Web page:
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American Diplomacy
Foreign Service Life

February 2011

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Another example of a quiet form of public diplomacy, which pays off, but is only visible years or decades later. –Ed.


Copyright or Wrong

In autumn 1967, as the newly arrived Counselor for Press and Culture at the American Embassy Moscow, I embarked on a series of calls on various Soviet government ministries and organizations involved in cultural exchanges, including some where no American diplomat had previously ventured. I was determined to do what I had done as a Cultural Attaché in other diplomatic posts, and not be cowed by Soviet restrictions on my legitimate activities. Everything I did was in the open. Appointments were made over the phone to keep the KGB informed on what I was doing. I was never refused a visit, and was always received correctly, if not cordially.   
                                                                            
At the Union of Composers, I met with Tikhon Khrennikov, the conservative composer who, at the behest of Stalin, had so tormented Dmitri Shostakovich and Sergei Prokofiev. And at the Gorky Institute of World Literature, from where writers Andrei Sinyavsky and Yuli Daniel had been imprisoned the previous year for publishing allegedly "anti-Soviet" works, I established contact with scholars in the American section. A few months later, I surprised them with an invitation to an embassy showing of the classic film, Gone With the Wind. Two of them came, with their wives, and enjoyed the film that told them much about the antebellum American South they had been writing about.
                                                                            
At the Union of Soviet Writers, we discussed exchanges of American and Soviet writers, which were already taking place under the US-USSR cultural agreement, but the conversation eventually got around to copyright protection and the Soviet practice of publishing American authors without compensation. The USSR in those years was not a party to an international copyright convention, and I pointed out that by not doing so it was losing hard currency because American publishers were also free to publish Soviet authors without compensation. To prove my point, I offered to provide the Writers' Union with a list of Soviet books published in the United States if, in exchange, the Union would give me a list of American books published in the Soviet Union.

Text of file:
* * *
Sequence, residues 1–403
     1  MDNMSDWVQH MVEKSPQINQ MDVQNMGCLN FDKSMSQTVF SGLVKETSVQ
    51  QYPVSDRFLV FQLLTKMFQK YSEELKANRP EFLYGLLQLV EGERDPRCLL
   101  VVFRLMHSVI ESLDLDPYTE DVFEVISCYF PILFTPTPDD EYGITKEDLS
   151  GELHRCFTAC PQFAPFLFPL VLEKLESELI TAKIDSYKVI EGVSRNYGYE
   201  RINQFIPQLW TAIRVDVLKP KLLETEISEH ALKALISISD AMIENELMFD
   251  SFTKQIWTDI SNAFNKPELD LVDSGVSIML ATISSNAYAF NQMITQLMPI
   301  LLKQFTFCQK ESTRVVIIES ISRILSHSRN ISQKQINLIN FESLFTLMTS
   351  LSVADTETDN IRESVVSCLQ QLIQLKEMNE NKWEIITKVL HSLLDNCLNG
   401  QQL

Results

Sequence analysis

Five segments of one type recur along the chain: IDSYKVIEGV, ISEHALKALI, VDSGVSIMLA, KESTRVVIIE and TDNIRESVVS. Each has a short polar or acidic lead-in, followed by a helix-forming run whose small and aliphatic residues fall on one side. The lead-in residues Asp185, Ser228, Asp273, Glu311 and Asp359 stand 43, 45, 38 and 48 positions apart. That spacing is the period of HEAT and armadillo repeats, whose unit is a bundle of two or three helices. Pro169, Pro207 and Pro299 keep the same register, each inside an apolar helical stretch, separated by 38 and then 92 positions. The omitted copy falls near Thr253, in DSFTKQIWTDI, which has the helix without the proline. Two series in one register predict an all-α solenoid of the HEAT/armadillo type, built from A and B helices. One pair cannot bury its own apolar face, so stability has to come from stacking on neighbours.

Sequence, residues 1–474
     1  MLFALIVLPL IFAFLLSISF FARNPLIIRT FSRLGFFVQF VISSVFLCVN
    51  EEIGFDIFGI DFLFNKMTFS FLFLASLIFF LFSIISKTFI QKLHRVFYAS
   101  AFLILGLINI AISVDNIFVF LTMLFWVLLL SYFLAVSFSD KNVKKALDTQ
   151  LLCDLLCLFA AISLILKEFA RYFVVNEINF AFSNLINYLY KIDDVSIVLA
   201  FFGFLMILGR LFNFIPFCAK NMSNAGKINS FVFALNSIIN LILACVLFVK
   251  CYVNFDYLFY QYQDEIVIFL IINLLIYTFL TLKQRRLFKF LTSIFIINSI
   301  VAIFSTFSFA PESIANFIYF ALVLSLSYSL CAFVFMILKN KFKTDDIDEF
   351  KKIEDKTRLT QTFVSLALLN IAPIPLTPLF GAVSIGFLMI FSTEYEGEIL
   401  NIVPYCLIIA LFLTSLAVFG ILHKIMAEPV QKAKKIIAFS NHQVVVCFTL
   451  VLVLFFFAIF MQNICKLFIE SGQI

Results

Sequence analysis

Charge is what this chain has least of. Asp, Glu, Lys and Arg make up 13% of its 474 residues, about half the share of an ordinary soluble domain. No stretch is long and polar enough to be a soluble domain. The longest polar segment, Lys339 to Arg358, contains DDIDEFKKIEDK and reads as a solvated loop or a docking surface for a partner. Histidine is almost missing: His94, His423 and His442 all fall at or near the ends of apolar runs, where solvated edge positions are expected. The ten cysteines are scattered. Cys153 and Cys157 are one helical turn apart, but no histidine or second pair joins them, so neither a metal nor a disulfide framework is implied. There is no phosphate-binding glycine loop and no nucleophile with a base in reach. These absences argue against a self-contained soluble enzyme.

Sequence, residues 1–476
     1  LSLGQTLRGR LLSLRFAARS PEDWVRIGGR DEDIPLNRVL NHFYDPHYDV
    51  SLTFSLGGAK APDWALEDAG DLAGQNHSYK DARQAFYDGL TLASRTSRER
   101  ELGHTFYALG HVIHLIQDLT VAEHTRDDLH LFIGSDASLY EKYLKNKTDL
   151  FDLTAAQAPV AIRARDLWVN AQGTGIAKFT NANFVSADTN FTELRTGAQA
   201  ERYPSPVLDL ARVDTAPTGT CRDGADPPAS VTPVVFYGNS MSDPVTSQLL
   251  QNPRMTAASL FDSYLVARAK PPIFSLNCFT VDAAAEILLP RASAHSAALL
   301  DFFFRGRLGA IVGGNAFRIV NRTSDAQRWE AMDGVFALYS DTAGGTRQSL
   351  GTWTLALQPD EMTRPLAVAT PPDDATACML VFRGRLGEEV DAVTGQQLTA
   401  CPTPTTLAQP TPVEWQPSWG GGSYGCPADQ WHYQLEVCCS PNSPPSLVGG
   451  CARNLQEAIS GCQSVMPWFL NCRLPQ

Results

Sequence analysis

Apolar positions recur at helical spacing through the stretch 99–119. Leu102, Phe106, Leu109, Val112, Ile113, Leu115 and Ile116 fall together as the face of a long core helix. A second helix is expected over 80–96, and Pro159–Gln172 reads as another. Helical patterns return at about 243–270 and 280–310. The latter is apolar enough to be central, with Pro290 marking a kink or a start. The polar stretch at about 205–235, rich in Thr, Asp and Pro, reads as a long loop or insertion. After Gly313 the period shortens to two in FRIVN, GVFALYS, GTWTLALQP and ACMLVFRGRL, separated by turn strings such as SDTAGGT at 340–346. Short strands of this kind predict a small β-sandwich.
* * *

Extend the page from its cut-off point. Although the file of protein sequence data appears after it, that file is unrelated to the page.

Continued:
We shook hands on that, and a few months later, with the cooperation of the Association of American Publishers, USIA sent me a list of Soviet books published in the United States, which I presented to the Union of Writers. And, a month or so later, the Union presented me with a list of American authors published in the Soviet Union. Both lists were much longer than I had expected, and included many scientific as well as literary works.
                                                                            
I like to believe that the exchange of lists eventually persuaded the Soviet Union to accede to the Universal Copyright Convention in 1973. In any event, it provided supporting evidence to the Union of Writers which had been seeking compensation for the works of its members that were being published abroad without copyright protection. Signature of the copyright convention was another small step in ending Soviet isolation and encouraging its cooperation with the United States and other countries.blue star


imageYale Richmond is a writer and former Foreign Service Officer who lives in Washington, D.C. His latest books are Understanding the Americans: A Handbook for Visitors to the United States (Hippocrene Books, 2009), and From Nyet to Da: Understanding the New Russia 4th edition (Intercultural Press, 2009).  He served in Moscow as Counselor for Press and Culture, 1967-69.    

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